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My First Market as a Moda Designer

My First Market as a Moda Designer

Written by: 
Linzee McCray

That sounds a little like a milestone from my baby book, doesn’t it? It should! Though I first started attending Quilt Market in Houston nine years ago, this year really did feel like a case of “baby’s first steps.”

Those steps started months ago, when Moda asked me to design a line of fabric based on feed sacks.


Feed Sacks: True Blue strike-offs. I was so excited by this selvedge!

This past summer I got “strike-offs” of the fabric—samples of the actual designs on cloth—and realized I’d better get serious about planning my Quilt Market booth and the quilts to make with my fabric. Over summer vacation I made lists and sketched quilt ideas on graph paper.

Once home, I started refining quilt designs with my friend, Pam. She is the perfect partner—smart, kind, and her quilt math is impeccable. We spent many hours going back and forth over designs. In the meantime, I haunted thrift stores for a few more blue items to use in my booth.

The weeks before Market were a whirlwind. Yardage of Feed Sacks: True Blue arrived while I was on a long-planned anniversary trip. Pam started cutting and sewing and by the time I arrived home she had completed a quilt top and cut fabric for two more. Other friends stitched for the booth, as well, making me a Liesel + Co Everyday Skirt, Wiksten Bloomers and Harem pants, and Double Nickel potholders. I embellished dishtowels with ½” hexies, bound quilts, and made a Me and My Sister Double-Wide Dresden pillow.

Half-inch hexagons stitched to Moda toweling
The most pleasant part of Market prep—sitting on the porch and binding this Metro Rings quilt.
Me and My Sister Double Wide Dresden pattern, made with their cool ruler. I used Moda chambray for the background and Moda Barkcloth toweling in Fog for the piping.

Because my fabric arrived while I was on a trip celebrating my 40th (gasp!) anniversary, the people at Moda offered to stitch, too—Tammy pieced May Chappell’s gorgeous Blooming Dresden, Carrie stitched a lovely, subtle quilt from Cake Mix #1, and Sarah D. pieced this Churn Dash based on a a late-1800s quilt from Mississippi. If there’s anything I can say about Market prep, it’s that it really does "take a village."

Carrie's beautiful Cake Mix quilt
Churn Dash quilt with Stacey Iest Hsu's adorable dolls in front. The "I Dream of Moda" booth was amazing!

I was pretty jittery flying to Market and during the Friday set-up. As I hauled in my booth items it was amazing to see the enormous hall in its pre-market phase—huge crates, and wads of cords, ladders, and boxes clogging the aisles. Pam and Codi (the owner of Home Ec Workshop, where I work one day a week) got the booth's cardboard walls covered with Grunge and hung plates with t-pins while Moda’s other new designer, Christopher Wilson-Tate, and I met the sales reps, showing them some of our quilts and telling them a little about ourselves. (We did the same thing again later that day with the international reps.) I had the chance to talk with a few reps over the course of Market and they were friendly, knowledgeable, and super helpful—you shop owners already know that!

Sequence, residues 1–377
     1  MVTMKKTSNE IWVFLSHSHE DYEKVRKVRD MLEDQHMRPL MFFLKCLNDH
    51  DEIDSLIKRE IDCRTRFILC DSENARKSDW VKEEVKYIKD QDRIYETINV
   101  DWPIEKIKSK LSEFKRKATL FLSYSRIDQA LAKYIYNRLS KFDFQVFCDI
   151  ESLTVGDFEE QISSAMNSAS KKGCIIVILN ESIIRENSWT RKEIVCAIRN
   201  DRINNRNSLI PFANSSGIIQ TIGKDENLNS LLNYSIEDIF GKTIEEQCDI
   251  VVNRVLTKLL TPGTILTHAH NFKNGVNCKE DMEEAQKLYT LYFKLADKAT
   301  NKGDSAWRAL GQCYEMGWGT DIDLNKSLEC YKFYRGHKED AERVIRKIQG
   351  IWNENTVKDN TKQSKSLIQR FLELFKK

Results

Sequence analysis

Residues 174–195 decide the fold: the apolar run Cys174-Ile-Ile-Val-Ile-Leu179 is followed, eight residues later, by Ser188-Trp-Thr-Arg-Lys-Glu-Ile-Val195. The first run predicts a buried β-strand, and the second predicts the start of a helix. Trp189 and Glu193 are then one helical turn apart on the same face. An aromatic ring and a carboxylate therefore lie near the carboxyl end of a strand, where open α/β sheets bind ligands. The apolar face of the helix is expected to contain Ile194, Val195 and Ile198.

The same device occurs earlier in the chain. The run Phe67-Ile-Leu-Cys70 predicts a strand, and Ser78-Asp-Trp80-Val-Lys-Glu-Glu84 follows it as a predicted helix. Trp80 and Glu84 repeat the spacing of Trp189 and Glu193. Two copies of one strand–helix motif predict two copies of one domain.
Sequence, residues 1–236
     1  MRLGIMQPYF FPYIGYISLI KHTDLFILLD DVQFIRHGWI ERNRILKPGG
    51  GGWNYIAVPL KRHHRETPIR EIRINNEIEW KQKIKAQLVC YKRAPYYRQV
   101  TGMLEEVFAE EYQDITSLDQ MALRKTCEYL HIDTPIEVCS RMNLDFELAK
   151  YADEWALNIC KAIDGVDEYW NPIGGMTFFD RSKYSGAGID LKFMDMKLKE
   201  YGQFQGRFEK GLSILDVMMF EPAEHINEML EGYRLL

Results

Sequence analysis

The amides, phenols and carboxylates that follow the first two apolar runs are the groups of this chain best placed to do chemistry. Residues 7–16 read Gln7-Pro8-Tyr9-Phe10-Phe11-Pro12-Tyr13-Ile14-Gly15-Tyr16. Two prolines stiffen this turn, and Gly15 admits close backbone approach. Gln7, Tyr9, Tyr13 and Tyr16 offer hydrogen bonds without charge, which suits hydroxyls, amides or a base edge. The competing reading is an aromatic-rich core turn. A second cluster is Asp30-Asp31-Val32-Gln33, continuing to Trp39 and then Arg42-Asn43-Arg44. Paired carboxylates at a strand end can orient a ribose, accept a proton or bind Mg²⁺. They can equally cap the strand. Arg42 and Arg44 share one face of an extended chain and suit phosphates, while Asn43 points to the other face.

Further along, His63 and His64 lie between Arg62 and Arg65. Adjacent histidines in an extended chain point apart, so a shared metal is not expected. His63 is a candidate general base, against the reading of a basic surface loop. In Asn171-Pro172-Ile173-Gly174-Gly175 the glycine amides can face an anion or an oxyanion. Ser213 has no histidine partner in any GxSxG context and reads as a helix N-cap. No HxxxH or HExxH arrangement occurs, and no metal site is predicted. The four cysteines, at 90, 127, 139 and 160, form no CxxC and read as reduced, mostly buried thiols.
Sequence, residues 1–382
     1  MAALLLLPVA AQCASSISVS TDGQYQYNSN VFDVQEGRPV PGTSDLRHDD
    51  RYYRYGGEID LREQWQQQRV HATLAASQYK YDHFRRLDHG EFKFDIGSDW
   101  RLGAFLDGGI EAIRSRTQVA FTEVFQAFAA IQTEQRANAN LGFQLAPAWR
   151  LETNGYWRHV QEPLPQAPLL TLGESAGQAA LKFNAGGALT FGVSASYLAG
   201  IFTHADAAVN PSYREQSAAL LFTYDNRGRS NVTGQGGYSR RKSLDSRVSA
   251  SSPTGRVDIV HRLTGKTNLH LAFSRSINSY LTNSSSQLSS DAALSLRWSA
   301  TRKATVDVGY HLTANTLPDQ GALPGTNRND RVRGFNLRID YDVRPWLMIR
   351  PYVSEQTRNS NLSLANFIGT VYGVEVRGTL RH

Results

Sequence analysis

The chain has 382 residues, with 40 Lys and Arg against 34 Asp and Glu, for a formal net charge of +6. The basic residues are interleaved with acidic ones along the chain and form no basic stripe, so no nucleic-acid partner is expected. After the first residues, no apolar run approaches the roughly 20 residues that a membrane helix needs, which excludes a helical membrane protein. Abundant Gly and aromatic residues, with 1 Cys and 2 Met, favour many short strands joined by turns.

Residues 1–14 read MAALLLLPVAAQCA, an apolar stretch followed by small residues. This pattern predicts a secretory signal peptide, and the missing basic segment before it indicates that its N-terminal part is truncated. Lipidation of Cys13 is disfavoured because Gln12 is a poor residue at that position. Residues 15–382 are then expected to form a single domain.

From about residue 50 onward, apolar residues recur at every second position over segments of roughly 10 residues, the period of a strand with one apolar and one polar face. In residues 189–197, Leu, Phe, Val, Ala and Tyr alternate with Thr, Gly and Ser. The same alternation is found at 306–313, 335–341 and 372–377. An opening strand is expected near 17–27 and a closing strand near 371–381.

Pam's and Codi's help was indispensable. So many dear friends helped me make this booth happen and I'm so very grateful.
New designer Christopher Wilson-Tate and Moda's Design Director Cheryl Freydberg share quilts sewn from Chris's Regency Blues collection with Moda sales reps.

Market opened the next day and I was delighted to be joined by my daughter Maggie, who drove over from Austin.

I'm wearing a Liesel + Co Everyday Skirt and Maggie’s top is Indygo Junction Easy Tunic and Top pattern, sewn by Amy Barickman's crew. Did I mention it takes a village?

We talked to visitors who stopped by the booth, sharing the backstory of Feed Sacks: True Blue and answering questions about the booth items, including the Indygo Junction Fabriflair stars and basket.

Outside, Houston was in the throes of World Series fever and Halloween celebrations. 

But inside, a different kind of energy going on. The colors, the people, the gorgeous fabrics and booth displays at every turn: Market was exhausting, but thrilling. I loved getting to meet shop owners face-to-face, including many I’d interviewed for the Cutting Table. The other Moda designers were warm, welcoming, and helpful, sharing pointers about Market and tips of the trade and I wish I’d had more time to spend with them. I am in awe of being in the midst of so much talent (and so glad Carrie shared examples of it in these two Cutting Table posts). And the Moda “family” answered all my (millions of) questions and made me feel great about taking on this new role with them—you'd think after writing for them for the past seven years I wouldn't have so much to learn, but I definitely do!

I am in awe of the behind-the-scenes work that each designer and the Moda staff does to make Quilt Market the inspirational event that it truly is...and delighted to be a part of it.

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